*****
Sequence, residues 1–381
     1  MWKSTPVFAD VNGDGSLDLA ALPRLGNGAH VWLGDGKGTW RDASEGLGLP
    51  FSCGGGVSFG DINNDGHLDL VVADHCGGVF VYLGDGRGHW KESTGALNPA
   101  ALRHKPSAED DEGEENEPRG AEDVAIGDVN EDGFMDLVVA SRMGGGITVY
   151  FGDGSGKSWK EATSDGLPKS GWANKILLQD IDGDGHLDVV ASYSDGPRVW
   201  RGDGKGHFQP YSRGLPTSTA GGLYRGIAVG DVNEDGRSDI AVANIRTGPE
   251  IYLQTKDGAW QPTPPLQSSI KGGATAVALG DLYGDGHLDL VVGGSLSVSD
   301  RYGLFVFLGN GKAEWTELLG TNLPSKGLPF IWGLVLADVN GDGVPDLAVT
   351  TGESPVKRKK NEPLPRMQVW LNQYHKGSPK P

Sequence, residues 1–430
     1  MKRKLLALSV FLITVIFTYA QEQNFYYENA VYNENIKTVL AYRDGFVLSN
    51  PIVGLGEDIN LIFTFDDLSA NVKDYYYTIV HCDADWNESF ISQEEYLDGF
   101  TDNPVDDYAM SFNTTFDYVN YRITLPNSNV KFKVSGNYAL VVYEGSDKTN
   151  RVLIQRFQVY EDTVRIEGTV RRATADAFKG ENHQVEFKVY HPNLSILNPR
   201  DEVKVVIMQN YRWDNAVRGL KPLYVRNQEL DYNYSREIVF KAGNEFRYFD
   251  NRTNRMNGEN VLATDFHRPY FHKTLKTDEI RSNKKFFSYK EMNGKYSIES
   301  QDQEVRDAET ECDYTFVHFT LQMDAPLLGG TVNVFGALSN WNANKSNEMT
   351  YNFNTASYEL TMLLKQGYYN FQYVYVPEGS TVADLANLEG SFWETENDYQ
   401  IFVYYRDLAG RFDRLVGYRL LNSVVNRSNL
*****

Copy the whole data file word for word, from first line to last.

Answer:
Sequence, residues 1–381
     1  MWKSTPVFAD VNGDGSLDLA ALPRLGNGAH VWLGDGKGTW RDASEGLGLP
    51  FSCGGGVSFG DINNDGHLDL VVADHCGGVF VYLGDGRGHW KESTGALNPA
   101  ALRHKPSAED DEGEENEPRG AEDVAIGDVN EDGFMDLVVA SRMGGGITVY
   151  FGDGSGKSWK EATSDGLPKS GWANKILLQD IDGDGHLDVV ASYSDGPRVW
   201  RGDGKGHFQP YSRGLPTSTA GGLYRGIAVG DVNEDGRSDI AVANIRTGPE
   251  IYLQTKDGAW QPTPPLQSSI KGGATAVALG DLYGDGHLDL VVGGSLSVSD
   301  RYGLFVFLGN GKAEWTELLG TNLPSKGLPF IWGLVLADVN GDGVPDLAVT
   351  TGESPVKRKK NEPLPRMQVW LNQYHKGSPK P

Sequence, residues 1–430
     1  MKRKLLALSV FLITVIFTYA QEQNFYYENA VYNENIKTVL AYRDGFVLSN
    51  PIVGLGEDIN LIFTFDDLSA NVKDYYYTIV HCDADWNESF ISQEEYLDGF
   101  TDNPVDDYAM SFNTTFDYVN YRITLPNSNV KFKVSGNYAL VVYEGSDKTN
   151  RVLIQRFQVY EDTVRIEGTV RRATADAFKG ENHQVEFKVY HPNLSILNPR
   201  DEVKVVIMQN YRWDNAVRGL KPLYVRNQEL DYNYSREIVF KAGNEFRYFD
   251  NRTNRMNGEN VLATDFHRPY FHKTLKTDEI RSNKKFFSYK EMNGKYSIES
   301  QDQEVRDAET ECDYTFVHFT LQMDAPLLGG TVNVFGALSN WNANKSNEMT
   351  YNFNTASYEL TMLLKQGYYN FQYVYVPEGS TVADLANLEG SFWETENDYQ
   401  IFVYYRDLAG RFDRLVGYRL LNSVVNRSNL